CHAMELEON PROJECT, prototype 05 : Shifting Emotions :
Chameleon Project, Prototype 05 is an interactive single channel video portrait using emotional codes to build the visuals. The portrait is in flux, fragmented. Each fragment constantly infects the fragment around it.
Emotions are always shifting. We often feel an array of emotions, such as when we are angry, we may also feel undercurrents of sadness or fear, but often science likes to use rational models to emulate emotions that often don’t represent these shifting boundaries. Powerful emotions can often simmer beneath the threshold of awareness, impacting on how we perceive and act, even though we have no idea they are at work. This can influence our decisions, our communications and well-being. Researchers today still have shifting ideas of what emotions are, but most agree that they consist of a mixture of subjective feeling, expressive behaviour and physiological responses. Interestingly, even though the way we feel influences how we make sense of our days, we often don’t know how we are feeling. ‘Alexithymia’ means literally “no words for feelings.” It is a condition, particularly among people who have experienced traumatic childhoods. According to Taylor, Doddy & Newman, ‘alexithymia’ refers to a hypothetical personality construct that is characterised by, “(1) a difficulty in identifying and communicating feelings, (2) a difficulty in distinguishing between feelings and bodily sensations (3) impaired symbolization, as evidenced by paucity of fantasies and other imaginative activity, and (4) a preference for focusing on external events rather than inner experiences.” Researchers say, to communicate feelings honestly, you must first be able to identify how your feeling, and then you must be comfortable expressing your feelings. But what happens if you don’t know how you are feeling?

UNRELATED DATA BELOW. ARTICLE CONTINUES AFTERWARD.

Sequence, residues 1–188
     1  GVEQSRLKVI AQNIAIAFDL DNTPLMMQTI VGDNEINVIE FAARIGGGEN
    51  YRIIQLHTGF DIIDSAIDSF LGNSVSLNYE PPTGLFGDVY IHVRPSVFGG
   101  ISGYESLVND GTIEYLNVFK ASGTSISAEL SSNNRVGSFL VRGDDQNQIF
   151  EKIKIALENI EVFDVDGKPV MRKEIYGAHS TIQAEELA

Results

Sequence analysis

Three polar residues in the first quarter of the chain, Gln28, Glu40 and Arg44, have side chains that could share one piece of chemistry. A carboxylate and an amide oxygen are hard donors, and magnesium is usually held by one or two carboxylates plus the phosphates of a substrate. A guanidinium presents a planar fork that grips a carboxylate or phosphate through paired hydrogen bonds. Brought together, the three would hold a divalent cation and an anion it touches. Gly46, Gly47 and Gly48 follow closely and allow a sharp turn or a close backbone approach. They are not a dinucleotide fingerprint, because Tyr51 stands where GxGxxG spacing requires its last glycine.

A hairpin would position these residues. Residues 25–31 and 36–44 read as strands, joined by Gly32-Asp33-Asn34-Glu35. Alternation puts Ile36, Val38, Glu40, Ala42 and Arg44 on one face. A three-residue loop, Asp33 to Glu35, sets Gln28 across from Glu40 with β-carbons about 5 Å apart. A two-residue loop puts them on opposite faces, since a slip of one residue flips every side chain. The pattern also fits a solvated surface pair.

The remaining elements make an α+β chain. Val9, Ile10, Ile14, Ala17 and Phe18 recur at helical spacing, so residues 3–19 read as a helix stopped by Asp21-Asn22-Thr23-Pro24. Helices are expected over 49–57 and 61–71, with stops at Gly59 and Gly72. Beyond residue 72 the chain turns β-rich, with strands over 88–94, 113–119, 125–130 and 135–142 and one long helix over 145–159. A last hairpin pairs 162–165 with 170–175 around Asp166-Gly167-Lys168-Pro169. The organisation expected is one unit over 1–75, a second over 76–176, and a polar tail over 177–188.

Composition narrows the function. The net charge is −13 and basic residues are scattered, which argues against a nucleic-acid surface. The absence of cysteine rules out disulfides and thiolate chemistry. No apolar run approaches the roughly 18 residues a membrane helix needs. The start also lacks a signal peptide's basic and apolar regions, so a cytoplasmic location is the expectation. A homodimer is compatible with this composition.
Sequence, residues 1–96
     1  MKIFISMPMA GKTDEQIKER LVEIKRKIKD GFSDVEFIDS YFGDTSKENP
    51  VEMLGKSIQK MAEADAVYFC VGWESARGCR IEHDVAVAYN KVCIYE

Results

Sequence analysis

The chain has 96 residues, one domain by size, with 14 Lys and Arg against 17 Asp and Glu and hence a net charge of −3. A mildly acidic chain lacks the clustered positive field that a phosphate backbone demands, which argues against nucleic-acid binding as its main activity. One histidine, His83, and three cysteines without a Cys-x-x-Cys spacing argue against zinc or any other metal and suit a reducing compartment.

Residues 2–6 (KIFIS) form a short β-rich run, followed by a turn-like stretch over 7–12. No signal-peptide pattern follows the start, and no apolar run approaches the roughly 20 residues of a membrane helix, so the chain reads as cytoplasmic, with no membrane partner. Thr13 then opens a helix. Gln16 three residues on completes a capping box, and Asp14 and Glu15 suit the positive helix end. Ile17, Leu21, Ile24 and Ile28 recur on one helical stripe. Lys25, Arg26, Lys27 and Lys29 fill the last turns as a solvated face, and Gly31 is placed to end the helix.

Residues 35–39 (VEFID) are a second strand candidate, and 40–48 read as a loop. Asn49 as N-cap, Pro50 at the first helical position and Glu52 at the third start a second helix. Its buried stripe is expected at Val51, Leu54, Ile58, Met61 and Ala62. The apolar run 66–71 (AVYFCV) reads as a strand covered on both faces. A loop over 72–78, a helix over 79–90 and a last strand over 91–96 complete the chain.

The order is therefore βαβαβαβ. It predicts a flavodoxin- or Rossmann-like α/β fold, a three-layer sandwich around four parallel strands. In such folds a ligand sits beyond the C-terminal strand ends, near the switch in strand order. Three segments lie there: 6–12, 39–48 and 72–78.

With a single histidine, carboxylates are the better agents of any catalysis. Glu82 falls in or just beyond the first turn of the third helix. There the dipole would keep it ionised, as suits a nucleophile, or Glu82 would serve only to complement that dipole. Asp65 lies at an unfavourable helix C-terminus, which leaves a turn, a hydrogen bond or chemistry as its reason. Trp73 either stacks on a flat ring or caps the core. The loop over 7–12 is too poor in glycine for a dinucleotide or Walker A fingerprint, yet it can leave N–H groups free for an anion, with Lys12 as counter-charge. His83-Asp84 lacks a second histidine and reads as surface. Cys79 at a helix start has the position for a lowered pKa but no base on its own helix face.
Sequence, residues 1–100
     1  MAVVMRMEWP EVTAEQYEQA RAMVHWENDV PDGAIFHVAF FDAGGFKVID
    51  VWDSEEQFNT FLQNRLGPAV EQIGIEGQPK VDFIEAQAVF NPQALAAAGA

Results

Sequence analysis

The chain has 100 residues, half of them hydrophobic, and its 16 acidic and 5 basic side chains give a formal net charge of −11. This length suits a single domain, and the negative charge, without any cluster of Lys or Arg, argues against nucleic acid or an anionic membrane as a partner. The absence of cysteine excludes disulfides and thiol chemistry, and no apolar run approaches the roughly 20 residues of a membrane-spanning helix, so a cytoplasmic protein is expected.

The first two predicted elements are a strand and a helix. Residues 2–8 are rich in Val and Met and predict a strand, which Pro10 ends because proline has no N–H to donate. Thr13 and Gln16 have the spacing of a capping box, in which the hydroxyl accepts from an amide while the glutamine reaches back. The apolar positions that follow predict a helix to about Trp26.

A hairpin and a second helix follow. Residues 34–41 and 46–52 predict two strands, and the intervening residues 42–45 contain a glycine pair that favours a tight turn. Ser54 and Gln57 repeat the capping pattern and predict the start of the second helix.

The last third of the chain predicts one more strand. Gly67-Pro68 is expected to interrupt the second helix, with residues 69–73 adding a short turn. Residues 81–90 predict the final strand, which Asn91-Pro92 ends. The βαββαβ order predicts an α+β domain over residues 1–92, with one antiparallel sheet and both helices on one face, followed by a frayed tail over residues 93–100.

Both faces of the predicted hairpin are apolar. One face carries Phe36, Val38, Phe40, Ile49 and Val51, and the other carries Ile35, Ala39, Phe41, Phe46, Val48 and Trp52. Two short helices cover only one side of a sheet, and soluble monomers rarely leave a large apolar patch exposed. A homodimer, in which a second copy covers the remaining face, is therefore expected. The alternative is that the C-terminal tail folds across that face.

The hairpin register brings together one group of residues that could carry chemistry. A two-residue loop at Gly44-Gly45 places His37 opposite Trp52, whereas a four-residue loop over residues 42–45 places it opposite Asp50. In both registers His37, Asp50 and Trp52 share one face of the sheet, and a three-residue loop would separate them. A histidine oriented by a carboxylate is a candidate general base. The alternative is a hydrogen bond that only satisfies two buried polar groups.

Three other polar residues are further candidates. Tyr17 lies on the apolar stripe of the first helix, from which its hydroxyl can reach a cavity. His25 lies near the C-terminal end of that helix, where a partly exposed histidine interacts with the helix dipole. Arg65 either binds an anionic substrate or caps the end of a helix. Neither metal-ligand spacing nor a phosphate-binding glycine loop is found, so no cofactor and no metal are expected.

The emotional portrait of prototype 05 tries to visually explore this emotional confusion. The portrait is broken up into 30 segments. Each segment constantly affects the segments around it. The portrait is constantly shifting through an array of emotional states, occasionally resulting in ‘total’ the emotional states that science likes to use.
Chameleon Project, prototype 05 tests different ways of using video image of emotional expressions on the screen to emulate the often leaky, complex and confused nature of emotional expression. The conclusion is an interesting two channel experiment, though in the final interactive, multi-participant situation, it could lead to confusion as its too complex, and abstract.